Lee provides a contrast with both of her major declared opponents — especially Schiff — on some aspects of militarism. In Congress since 1998, she has long enjoyed an exalted reputation among progressives, most notably for her courageous lone vote against the blank-check authorization for endless war that Congress approved shortly after 9/11. Her legislative battles on behalf of low-income people and her persistent advocacy for cutting Pentagon budgets have also been notable.
Yet, as years have gone by, Barbara Lee’s independence from the Democratic Party power structure has diminished. She would be a vast improvement over the low bar of Dianne Feinstein, much better than Schiff on domestic and especially foreign policy, and more likely than Porter to sometimes be a thorn in the ironside of the Pentagon. But, based on Lee’s political behavior in recent years, those who view her as a consistent foe of the warfare state are mistaken. Especially with a Democrat in the Oval Office, she has pulled her political punches rather than directly confront the militarism of the commander in chief.
Longtime antiwar activist Bert Knorr, who lives in Berkeley, has become outspoken as a constituent of Barbara Lee. While noting that she “has a reputation of being one of the strongest advocates for peace in Congress,” Knorr said that he has been “deeply disappointed by her repeated votes for a total of over $110 billion for the war in Ukraine. … In 2022 she voted in lockstep with every Democrat in Congress behind President Biden’s war policy without voicing questions or concerns about escalation and the need for a peaceful resolution to the conflict.”
Knorr added, “At a time when the world is at growing risk of nuclear war, Lee’s voice for peace is glaringly absent. She has refused to meet with peace activists or constituents to discuss her position or consider other views.”
During the Trump presidency, Lee voiced outrage that the leader of the U.S. government would meet at a summit with his Russian counterpart. In 2019, Lee endorsed then-Senator Kamala Harris for president and went on to serve as her California campaign co-chair.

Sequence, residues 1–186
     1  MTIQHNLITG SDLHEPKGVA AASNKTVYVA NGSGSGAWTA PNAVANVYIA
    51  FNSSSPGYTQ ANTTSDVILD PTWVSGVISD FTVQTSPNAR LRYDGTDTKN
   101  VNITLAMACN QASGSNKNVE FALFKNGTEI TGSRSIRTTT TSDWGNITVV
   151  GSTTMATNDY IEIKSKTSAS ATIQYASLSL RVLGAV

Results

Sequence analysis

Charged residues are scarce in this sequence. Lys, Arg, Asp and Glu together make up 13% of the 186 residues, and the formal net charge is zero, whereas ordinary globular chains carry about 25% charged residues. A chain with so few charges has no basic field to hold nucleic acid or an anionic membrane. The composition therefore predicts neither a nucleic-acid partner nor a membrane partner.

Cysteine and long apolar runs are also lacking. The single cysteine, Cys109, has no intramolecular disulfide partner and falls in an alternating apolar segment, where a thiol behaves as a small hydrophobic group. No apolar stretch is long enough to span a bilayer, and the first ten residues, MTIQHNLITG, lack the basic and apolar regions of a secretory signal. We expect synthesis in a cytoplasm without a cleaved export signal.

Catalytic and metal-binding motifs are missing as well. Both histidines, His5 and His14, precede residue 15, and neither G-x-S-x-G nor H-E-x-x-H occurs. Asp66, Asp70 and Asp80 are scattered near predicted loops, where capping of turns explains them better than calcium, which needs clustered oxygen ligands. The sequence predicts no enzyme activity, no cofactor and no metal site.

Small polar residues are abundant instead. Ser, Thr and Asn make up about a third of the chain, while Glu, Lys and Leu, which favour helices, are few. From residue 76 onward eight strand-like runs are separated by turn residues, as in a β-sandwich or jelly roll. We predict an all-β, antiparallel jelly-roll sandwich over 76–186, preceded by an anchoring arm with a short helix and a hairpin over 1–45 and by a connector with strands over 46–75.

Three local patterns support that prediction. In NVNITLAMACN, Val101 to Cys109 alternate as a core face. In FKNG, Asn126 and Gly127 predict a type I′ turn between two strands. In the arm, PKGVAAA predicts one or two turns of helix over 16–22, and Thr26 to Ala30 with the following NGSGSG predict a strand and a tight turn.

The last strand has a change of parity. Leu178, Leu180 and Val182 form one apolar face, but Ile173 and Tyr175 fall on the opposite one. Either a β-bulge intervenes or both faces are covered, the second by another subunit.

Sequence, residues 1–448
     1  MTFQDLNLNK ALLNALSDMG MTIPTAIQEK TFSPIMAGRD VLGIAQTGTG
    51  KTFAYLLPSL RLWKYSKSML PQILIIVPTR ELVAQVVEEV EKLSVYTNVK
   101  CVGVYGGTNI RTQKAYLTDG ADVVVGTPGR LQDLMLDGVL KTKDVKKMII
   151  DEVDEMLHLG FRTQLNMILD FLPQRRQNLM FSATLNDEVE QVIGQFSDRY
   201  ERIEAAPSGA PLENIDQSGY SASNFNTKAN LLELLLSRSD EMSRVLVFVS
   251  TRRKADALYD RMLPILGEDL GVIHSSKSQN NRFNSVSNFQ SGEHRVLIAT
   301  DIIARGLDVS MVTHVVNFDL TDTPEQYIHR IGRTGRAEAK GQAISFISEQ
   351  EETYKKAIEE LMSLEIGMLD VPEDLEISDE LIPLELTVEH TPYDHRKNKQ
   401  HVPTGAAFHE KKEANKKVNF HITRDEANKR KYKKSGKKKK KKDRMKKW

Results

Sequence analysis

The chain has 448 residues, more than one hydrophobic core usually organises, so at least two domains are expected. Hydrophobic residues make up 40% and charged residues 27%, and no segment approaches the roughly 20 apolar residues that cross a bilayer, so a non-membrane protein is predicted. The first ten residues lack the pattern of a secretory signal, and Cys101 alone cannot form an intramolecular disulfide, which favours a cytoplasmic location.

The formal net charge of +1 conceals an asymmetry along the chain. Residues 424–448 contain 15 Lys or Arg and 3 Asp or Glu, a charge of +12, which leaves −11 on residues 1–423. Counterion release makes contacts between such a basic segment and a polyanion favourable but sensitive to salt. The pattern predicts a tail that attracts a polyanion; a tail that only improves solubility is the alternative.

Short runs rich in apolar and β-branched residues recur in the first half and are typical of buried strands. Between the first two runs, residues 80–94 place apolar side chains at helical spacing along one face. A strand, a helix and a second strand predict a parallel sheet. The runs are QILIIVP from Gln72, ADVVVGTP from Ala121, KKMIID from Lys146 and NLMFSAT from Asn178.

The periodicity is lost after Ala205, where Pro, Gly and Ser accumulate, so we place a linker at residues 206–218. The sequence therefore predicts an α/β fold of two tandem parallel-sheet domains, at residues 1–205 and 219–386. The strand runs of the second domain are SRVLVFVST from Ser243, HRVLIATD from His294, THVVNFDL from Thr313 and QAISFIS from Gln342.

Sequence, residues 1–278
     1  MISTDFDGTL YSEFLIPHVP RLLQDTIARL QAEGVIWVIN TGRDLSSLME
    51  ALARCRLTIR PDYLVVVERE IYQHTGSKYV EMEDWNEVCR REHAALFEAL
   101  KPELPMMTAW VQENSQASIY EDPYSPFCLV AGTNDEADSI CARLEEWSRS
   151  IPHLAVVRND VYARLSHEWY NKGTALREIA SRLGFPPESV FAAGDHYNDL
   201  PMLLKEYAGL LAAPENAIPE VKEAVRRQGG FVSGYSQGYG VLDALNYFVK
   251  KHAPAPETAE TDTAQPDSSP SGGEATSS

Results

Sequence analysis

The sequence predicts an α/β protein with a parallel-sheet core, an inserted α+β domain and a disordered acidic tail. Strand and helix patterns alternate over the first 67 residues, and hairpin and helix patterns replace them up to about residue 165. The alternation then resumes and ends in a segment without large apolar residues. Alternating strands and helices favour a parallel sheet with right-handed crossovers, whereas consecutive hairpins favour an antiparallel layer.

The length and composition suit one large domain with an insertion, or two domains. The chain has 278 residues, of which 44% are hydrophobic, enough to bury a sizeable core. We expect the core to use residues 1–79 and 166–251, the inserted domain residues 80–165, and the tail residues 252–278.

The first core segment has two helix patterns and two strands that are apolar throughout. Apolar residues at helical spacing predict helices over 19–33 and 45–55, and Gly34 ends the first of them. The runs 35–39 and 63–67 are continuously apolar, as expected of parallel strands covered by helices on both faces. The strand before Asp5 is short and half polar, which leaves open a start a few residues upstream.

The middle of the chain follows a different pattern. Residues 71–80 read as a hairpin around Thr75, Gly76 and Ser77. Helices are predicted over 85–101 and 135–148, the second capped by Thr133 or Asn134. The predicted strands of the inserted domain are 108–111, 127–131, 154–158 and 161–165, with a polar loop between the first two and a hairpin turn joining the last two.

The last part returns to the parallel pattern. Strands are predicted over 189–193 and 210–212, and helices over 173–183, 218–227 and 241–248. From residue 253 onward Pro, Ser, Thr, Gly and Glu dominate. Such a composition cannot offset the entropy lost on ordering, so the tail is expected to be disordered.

The state party could now play an important role in what promises to be a free-for-all contest to replace Feinstein. Unfortunately, during the last several years, the California Democratic Party (CDP) has devolved into something close to a de facto dictatorship under its corporate-oriented chair, Rusty Hicks. Candidates will be vying for the CDP’s endorsement before the primary election next year — a factor that could aid Schiff, given the consolidated top-down corporate leverage over the state party’s operations.
As a member of the CDP’s central committee for 10 years, I’ve seen dynamics steadily worsen inside the political sausage factory. Establishment Democrats in California’s legislature have an outsized grip on much of the state party, while grassroots activists struggle to push back. As CDP chair, Hicks seems to be channeling the likes of Chicago’s Mayor Richard J. Daley (the notorious Democratic “boss”), doing all he can to eviscerate functional democracy inside the party while working to undermine the impacts of its progressive base.
One of the hallmarks of the California Democratic Party is that virtually everyone in its leadership claims to be “progressive.” It’s a claim that Adam Schiff is sure to make as he targets progressive voters. While Schiff’s longstanding support for corporate power and militarism could undermine his quest to become California’s next senator, his chances of winning will be bolstered if more than one strong progressive candidate stays in the race against him.